return of the cat ceilidh

I couldn't believe my eyes. I was watching an episode of numb3rs, 'undercurrents' to be precise, and there it was, circled in the middle of the blackboard, CEILIDH, together with some of the key-exchange maps around it...

Only, the plot doesn't involve any tori-crypto... okay, there is an I-Ching-coded-tattoo which turns out to be a telephone number, but that's all. Still, this couldn't just be a coincidence. Googling for 'ceilidh+numbers' gives as top hit the pdf-file of an article Alice in NUMB3Rland written by ... Alice Silverberg (of the Rubin-Silverberg paper starting tori-cryptography). Alice turns out to be one of the unpaid consultants to the series. The 2-page article gives some insight into how 'some math' gets into the script

Typically, Andy emails a draft of the
script to the consultants. The FBI plot
is already in place, and the writers want
mathematics to go with it. The placeholder "math" in the draft is often nonsense or
jargon; the sort of things people with no
mathematical background might find by
Googling, and think was real math. Since
there's often no mathematics that makes
sense in those parts of the script, the best
the consultants can do is replace jargon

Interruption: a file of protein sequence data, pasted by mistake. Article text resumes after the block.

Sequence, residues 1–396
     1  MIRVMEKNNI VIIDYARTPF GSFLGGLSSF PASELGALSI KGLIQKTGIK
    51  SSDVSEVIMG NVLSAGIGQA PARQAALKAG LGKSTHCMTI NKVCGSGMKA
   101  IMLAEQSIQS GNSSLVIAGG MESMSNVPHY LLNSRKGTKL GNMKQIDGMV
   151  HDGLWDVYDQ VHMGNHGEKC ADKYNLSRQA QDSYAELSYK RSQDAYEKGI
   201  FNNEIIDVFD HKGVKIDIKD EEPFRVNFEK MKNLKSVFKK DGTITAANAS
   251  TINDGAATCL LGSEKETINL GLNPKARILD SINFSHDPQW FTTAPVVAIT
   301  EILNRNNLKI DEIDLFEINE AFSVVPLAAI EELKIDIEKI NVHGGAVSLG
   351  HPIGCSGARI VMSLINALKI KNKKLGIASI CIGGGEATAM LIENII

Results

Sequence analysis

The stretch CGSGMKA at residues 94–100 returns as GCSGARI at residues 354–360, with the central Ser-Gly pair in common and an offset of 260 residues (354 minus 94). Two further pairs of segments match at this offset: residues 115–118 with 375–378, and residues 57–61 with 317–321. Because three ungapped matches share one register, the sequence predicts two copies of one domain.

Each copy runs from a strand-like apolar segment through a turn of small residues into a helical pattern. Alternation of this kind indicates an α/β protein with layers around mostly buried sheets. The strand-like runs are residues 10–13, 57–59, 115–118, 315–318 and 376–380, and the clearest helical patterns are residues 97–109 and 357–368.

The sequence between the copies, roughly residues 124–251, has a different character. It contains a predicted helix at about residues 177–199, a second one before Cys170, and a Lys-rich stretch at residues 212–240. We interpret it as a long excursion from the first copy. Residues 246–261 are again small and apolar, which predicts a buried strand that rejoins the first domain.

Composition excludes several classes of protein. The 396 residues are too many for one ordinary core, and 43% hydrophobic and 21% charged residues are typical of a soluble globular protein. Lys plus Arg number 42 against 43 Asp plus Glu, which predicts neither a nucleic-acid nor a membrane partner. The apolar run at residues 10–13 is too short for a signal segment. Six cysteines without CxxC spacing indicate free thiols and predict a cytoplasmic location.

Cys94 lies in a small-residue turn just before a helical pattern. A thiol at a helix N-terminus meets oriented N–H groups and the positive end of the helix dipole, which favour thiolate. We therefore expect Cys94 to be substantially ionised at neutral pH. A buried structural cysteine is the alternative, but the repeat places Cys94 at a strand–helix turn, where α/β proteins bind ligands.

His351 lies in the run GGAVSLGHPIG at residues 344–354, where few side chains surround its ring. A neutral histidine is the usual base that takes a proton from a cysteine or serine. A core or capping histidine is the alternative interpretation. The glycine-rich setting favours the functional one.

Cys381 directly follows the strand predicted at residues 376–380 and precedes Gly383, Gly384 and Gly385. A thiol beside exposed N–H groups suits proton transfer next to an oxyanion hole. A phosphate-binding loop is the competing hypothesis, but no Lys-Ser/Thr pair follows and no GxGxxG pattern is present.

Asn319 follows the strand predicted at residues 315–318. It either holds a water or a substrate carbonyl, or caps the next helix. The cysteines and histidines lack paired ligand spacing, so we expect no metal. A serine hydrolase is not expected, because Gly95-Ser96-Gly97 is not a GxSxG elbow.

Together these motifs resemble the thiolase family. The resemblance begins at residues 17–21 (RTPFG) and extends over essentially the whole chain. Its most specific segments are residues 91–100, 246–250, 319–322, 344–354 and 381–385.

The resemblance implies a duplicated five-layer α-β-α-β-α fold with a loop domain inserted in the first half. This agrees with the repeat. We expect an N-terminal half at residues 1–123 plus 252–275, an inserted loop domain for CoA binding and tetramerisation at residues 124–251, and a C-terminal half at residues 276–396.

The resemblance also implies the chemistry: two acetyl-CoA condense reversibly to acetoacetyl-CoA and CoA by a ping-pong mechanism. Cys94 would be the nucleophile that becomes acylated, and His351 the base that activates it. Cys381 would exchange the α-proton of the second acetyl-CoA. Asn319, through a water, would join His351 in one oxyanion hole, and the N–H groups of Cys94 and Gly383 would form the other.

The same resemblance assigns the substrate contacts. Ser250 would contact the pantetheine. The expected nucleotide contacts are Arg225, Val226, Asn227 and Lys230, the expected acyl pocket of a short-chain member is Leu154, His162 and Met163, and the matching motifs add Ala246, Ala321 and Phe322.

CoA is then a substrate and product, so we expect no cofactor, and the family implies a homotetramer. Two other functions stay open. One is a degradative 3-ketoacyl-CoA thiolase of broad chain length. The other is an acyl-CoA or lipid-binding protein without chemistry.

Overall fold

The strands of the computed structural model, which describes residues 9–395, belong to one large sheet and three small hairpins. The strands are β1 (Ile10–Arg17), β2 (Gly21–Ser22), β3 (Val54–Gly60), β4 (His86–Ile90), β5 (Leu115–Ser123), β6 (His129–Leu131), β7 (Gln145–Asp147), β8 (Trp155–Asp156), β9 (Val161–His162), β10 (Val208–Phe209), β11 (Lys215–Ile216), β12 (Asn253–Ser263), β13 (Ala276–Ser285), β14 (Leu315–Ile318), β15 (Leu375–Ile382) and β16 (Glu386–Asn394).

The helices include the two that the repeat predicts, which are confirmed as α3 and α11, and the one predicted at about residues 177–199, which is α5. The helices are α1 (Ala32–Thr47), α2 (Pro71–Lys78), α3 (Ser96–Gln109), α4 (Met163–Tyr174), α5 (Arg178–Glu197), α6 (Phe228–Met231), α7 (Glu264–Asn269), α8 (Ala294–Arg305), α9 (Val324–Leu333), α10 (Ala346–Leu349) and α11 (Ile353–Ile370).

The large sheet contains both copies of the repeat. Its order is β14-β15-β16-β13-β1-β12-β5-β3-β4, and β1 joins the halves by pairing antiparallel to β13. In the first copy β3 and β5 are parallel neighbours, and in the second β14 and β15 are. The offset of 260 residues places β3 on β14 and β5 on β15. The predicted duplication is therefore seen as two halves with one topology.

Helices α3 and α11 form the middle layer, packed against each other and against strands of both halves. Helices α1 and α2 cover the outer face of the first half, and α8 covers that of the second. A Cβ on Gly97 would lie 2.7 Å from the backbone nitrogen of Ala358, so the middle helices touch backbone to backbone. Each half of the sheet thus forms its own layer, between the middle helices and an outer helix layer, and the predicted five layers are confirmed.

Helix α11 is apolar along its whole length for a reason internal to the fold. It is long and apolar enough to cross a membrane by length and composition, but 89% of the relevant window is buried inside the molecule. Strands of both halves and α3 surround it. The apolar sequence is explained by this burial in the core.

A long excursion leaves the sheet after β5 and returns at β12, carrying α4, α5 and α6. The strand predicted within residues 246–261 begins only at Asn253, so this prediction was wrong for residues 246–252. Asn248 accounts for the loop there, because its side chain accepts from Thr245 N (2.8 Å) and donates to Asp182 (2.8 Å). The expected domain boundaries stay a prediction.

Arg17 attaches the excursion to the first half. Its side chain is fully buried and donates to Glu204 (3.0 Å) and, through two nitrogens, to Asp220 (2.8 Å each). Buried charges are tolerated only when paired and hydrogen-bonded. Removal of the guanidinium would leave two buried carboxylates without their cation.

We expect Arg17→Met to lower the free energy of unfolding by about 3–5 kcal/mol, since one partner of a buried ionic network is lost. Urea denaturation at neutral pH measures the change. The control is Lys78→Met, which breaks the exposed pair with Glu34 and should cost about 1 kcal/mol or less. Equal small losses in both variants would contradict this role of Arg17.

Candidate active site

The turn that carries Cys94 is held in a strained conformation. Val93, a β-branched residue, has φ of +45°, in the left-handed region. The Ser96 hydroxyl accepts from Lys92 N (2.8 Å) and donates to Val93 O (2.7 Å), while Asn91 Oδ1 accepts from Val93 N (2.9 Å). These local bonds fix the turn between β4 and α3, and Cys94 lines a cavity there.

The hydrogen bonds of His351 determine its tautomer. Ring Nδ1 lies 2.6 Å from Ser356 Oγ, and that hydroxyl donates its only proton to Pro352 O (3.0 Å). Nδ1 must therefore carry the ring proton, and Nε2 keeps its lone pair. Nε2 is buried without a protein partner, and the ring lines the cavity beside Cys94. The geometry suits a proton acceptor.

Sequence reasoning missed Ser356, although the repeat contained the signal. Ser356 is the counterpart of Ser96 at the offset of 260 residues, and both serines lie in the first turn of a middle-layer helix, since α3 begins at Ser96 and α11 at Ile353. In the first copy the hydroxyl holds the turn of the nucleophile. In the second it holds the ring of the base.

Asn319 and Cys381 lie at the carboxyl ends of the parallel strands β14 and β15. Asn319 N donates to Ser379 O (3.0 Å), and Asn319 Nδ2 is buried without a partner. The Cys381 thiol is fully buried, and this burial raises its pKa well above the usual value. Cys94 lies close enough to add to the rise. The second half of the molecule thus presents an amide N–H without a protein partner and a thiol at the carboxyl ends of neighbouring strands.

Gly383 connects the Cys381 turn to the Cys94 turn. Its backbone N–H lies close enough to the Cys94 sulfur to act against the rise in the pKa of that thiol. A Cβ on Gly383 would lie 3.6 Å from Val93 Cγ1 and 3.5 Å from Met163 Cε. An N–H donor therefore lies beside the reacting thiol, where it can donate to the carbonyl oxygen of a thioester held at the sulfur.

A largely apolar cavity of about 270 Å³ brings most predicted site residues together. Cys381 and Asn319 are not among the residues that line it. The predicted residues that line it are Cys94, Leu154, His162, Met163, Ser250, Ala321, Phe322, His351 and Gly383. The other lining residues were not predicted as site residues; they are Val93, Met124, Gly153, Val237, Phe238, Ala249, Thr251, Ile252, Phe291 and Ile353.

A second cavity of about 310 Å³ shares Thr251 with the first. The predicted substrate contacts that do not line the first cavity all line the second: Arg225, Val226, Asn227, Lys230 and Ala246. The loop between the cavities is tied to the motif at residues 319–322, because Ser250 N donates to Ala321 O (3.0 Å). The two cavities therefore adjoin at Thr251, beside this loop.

that makes us cringe a lot with jargon that
makes us cringe a little.

From then on, it's the Telephone Game.
The consultants email Andy our suggestions ("replace 'our discrete universes'
with 'our disjoint universes'"; "replace
the nonsensical 'we've tried everything
-a full frequency analysis, a Vignere
deconstruction- we even checked for
a Lucas sequence' with the slightly less
nonsensical 'It's much too short to try
any cryptanalysis on. If it were longer
we could try frequency analyses, or try
to guess what kind of cryptosystem it is
and use a specialized technique. For example, if it were a long enough Vigenere
cipher we could try a Kasiski test or an
index-of-coincidence analysis'). Andy
chooses about a quarter of my sugges-
tions and forwards his interpretation
of them to the writers and producers.
The script gets changed, and then the
actors ad lib something completely dif-
ferent ('disjointed universes': cute, but
loses the mathematical allusion; 'Kasiski
exam' : I didn't mean that kind of 'test').

She ends her article with :

I have mixed feelings about NUMB3RS. I still have concerns about the violence, the depiction of women, and the pretense
that the math is accurate. However, if NUMB3RS could interest people in the power of mathematics enough for society
to greater value and support mathematics teaching, learning, and research, and
motivate more students to learnthat would be a positive step.

Further, there is a whole blog dedicated to some of the maths featuring in NUMB3RS, the numb3rs blog. And it was the first time I had to take a screenshot of a DVD, something usually off limits to the grab.app, but there is a simple hack to do it...